Access to these intellectual luxuries can be had for $75 a year for associate membership (ages 18 to 35), and $200 for subscribers - not a bad deal when compared to a gym membership. Tatman described the semi-open-door policy as welcoming (by appointment) to anyone who wants to do research, tour the building, view the gallery, or hear lectures.

"But if you want to borrow a book, then you must be a subscriber," she said.

There are ways, with a little effort, to gain free access. The library has hundreds of thousands of photographs and tens of thousands of books on art, printmaking, photography, architecture, and landscape design. Search the collections at www.philaathenaeum.org, compile a request, and call the library to make an appointment.

At the top of the Athenaeum heap are the shareholders (initial $500 fee, $125 annual dues), who can attend events, vote at annual meetings, and become members of the board of governors.

To be a shareholder, you must have a letter of recommendation from a current shareholder. Of 1,600 slots, 1,500 are filled; some family memberships have been handed down for generations. Truly fastidious newcomers seek the lowest-numbered shares available, i.e. the oldest.

Tatman acknowledged that the Athenaeum was sometimes slow to change, adding, "We always looked at the Library Company to see what they were doing."

John Van Horne, the Library Company's director, said, "We were the first" subscription library. "We started out that way. The Athenaeum has maintained that orientation, but we have evolved," shedding its original identity for that of a research library. Shares are still available, but Van Horne said they didn't come with many perks. Anyone can purchase a $200 share without a reference.

While the Library Company had female members as far back as 1769, the Athenaeum barred them until a share was issued to Mrs. Howard W. Lewis in 1857. In 1929, a lone woman, Mrs. Arthur H. Lea, joined the board. Yet when Tatman entered the museum field - she was an Athenaeum intern, and later its curator - she frequently was the only woman in the room at meetings; now, at 65, she often still is.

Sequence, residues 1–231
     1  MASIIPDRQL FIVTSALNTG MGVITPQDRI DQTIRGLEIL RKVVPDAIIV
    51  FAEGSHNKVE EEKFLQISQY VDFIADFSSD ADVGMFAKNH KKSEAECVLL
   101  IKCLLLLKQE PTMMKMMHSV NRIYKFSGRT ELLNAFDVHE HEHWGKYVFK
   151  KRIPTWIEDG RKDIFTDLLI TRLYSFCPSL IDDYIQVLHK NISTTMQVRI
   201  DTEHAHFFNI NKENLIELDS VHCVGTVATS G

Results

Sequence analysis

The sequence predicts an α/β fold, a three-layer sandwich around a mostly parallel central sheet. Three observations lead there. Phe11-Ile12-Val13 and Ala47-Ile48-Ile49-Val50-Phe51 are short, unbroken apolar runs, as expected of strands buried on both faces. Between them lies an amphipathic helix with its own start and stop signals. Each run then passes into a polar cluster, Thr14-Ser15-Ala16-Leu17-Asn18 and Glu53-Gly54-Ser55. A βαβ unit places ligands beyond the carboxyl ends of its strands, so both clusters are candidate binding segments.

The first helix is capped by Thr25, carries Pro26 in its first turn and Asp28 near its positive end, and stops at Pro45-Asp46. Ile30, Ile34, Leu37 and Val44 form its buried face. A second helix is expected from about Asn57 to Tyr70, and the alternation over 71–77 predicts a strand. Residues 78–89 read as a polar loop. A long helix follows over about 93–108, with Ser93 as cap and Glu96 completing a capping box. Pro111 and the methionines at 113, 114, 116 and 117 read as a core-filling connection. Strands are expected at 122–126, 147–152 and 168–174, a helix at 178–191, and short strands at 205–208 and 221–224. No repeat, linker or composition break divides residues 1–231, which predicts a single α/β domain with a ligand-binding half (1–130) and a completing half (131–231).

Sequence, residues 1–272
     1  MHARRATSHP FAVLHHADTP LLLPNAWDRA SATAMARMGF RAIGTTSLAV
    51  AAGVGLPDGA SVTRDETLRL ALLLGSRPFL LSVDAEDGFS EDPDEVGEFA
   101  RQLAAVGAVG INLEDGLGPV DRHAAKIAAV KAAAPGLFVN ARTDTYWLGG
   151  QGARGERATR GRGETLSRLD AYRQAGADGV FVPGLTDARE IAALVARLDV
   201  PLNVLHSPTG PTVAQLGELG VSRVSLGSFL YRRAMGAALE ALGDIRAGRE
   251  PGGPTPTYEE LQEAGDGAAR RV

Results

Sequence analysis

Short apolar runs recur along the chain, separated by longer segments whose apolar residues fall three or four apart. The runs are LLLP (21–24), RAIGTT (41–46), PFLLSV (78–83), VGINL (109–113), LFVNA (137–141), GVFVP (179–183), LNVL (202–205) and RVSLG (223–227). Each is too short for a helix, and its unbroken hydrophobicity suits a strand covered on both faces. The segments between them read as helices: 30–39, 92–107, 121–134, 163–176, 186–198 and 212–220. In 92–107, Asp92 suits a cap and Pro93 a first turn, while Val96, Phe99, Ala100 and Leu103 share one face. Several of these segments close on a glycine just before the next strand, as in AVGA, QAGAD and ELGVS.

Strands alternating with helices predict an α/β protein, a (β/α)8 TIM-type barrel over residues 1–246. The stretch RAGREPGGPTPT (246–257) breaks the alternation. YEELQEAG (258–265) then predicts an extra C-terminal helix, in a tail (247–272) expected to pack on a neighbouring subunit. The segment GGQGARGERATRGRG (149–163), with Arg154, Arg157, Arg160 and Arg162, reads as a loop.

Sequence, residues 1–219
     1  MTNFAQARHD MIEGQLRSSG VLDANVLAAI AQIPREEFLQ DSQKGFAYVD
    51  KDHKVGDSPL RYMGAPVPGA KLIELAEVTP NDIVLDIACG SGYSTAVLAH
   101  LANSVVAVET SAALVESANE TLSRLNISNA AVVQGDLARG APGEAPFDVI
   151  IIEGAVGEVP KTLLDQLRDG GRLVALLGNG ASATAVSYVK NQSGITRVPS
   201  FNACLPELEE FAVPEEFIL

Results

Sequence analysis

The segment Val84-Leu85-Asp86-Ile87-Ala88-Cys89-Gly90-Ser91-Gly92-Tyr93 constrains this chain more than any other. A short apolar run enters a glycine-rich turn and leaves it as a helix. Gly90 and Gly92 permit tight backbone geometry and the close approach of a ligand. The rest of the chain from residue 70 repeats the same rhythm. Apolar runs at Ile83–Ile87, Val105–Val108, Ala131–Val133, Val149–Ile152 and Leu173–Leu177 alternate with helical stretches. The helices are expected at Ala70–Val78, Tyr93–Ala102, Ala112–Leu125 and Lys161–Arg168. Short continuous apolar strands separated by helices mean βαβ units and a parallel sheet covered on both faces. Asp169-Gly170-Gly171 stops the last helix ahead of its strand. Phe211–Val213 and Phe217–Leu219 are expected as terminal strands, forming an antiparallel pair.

"Art history is still dominated by women as undergraduates. But they don't always get their graduates and doctorates," she said. Still, the former university professor said, she's cheered by the fact that more are coming into directorships, and that more female academics are using the archives.

One area in which the Athenaeum has been cutting-edge is digital technology. Its superb online resources include the American Architects and Buildings database and the Greater Philadelphia Geohistory Network, excellent databases coordinated with local and national institutions.

The library's Regional Digital Imaging Center can scan books and paintings without the danger of cracked bindings or harmful lights damaging the art, and can capture documents up to 48 by 72 inches (larger with the aid of Photoshop). Notable documents that have been scanned are the Treaty of Paris, the Bill of Rights, and the Emancipation Proclamation.

Local artists make use of the facility to scan their artwork. Anyone can peruse the museum's archives, find an etching, and have it blown up to be framed ($75 for a large-format color print). The revenue supports programs and future gallery exhibits.

As the Athenaeum alternately inches and bounds toward its third century, some continue to pine for bygone days and rituals. One that lasted through the 1990s was the shareholders-only cut crystal decanter of sherry in the main reading room.

Here Tatman draws the line.

"We're not bringing the sherry back," she said.

View additional photographs and a video with Sandra Tatman at www.philly.com/ seeAthenaeum.


The Athenaeum

The Athenaeum of Philadelphia is at 219 S. Sixth St.

Hours: 9 a.m. to 5 p.m. Monday to Friday. Search databases, learn about services, and become a member at www.philaathenaeum.org. To make an appointment to view a book, document, drawing, or photograph, call 215-925-2688. EndText

Contact staff writer Tom Stoelker at 215-854-2931 or tstoelker@phillynews.com.